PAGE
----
The Optical Trifecta

In Relativity by Brian Koberlein1 Comment

One of the predictions of special relativity is that the speed of light in a vacuum is a universal constant. This prediction has held up so well that we now use the speed of light to define part of the metric system. The first verification of special relativity is typically seen as the Michelson-Morley experiment, which demonstrated there wasn’t a luminiferous aether. But this experiment was actually done before Einstein proposed relativity, and so it wasn’t technically a prediction. It took two other experiments to completely verify Einstein’s model.

The Michelson-Morley experiment focused on determining the speed of the Earth through the aether. It wasn’t designed as a test of special relativity, and so it only tested that the speed of light was the same with different orientations. No matter which way you orient your device, the travel time back and forth along your experiment is the same. That’s certainly a prediction of relativity, but the theory goes further to claim that light speed is the same even if you’re moving at different speeds.

It took two other experiments to fully pin down the veracity of relativity. One, known as the Ives-Stilwell experiment looked at the time dilation effects of the model. In order for the speed of light to be the same in every reference frame, the clock of an experiment moving relative to you must appear to tick more slowly than that of an experiment sitting next to you. This effect is known as time dilation, and is one of the stranger aspects of relativity.

The Ives-Stilwell experiment looks at the light emitted or absorbed by fast moving particles and compares them with the transverse Doppler effect. If an object speeds past you from left to right, when it is directly in front of you would you see any Doppler shift of its light? Since the relative motion along your line of sight at that moment is zero, you might think there would be no shift. But since the object is speeding past you, its time should be dilated. As a result there should be a Doppler shift. The experiment confirmed the Doppler shift just as relativity predicts.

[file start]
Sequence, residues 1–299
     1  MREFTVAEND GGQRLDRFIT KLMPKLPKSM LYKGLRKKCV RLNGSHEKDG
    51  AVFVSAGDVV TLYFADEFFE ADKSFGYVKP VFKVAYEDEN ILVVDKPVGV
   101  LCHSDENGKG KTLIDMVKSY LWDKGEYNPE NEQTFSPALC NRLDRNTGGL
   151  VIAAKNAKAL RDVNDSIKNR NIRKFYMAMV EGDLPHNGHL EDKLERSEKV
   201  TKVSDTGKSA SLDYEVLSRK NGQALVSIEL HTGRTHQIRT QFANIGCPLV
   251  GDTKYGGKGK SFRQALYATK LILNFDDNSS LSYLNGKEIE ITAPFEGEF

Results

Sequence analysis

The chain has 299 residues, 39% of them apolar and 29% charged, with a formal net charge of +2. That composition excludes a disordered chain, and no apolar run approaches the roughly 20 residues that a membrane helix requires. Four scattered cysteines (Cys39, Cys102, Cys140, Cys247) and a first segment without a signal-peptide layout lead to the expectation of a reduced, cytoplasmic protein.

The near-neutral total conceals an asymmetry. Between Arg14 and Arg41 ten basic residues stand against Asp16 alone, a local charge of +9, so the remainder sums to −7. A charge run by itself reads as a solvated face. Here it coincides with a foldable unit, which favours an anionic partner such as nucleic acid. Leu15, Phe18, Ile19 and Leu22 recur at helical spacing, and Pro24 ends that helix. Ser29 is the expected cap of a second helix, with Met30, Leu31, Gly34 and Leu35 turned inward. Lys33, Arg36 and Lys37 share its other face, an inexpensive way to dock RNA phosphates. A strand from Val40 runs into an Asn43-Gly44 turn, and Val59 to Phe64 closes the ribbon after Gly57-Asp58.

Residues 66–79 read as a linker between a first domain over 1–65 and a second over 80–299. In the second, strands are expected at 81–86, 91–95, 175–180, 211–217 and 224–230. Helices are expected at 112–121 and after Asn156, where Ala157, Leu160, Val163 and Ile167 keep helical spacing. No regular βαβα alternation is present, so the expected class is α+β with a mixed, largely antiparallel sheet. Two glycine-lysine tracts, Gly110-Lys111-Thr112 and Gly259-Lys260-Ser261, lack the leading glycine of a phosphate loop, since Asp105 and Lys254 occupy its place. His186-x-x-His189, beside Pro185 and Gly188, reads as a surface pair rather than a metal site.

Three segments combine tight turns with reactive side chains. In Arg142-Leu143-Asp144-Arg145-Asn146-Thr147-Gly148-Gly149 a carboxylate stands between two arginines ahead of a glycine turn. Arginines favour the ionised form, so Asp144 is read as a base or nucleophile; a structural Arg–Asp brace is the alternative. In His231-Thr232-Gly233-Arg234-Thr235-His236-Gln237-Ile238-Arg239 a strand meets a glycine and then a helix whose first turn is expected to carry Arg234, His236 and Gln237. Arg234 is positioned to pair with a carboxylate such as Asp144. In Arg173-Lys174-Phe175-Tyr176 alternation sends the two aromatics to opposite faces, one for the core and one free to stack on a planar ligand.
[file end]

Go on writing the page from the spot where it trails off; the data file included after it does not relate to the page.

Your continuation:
But relativity also predicts that space and time are connected, so a time dilation must also create a change of apparent length (known as length contraction). In other words not only must the clock of a moving experiment appear slower, then length of the experiment must appear shorter. Ives-Stilwell confirmed the first part, but not the second. To do that took a different test known as the Kennedy-Thorndike experiment.

Schematic of the Kennedy-Thorndike experiment.

The Kennedy-Thorndike experiment is similar to the Michelson-Morley. A beam of light is split to travel along two different paths. The separate beams of light are then recombined to create an interference pattern. The main difference is that the path length of the two beams is radically different. Since (according to Michelson-Morley) the speed of light is independent of orientation, the travel time of each path is different. Since Ives-Stilwell verified time dilation, as the apparatus moves with Earth, the amount of time dilation along one path is different from the other. This would produce a shift in the resulting interference pattern unless the lengths of the two paths also contract as relativity predicts.

The Kennedy-Thorndike experiment found no apparent shift in the interference pattern. Combined with the results of Michelson-Morley and Ives-Stilwell, this confirms that the speed of light is constant, and time dilation and length contraction both occur in agreement with special relativity.

And that’s why relativity is the strangest theory we know is true.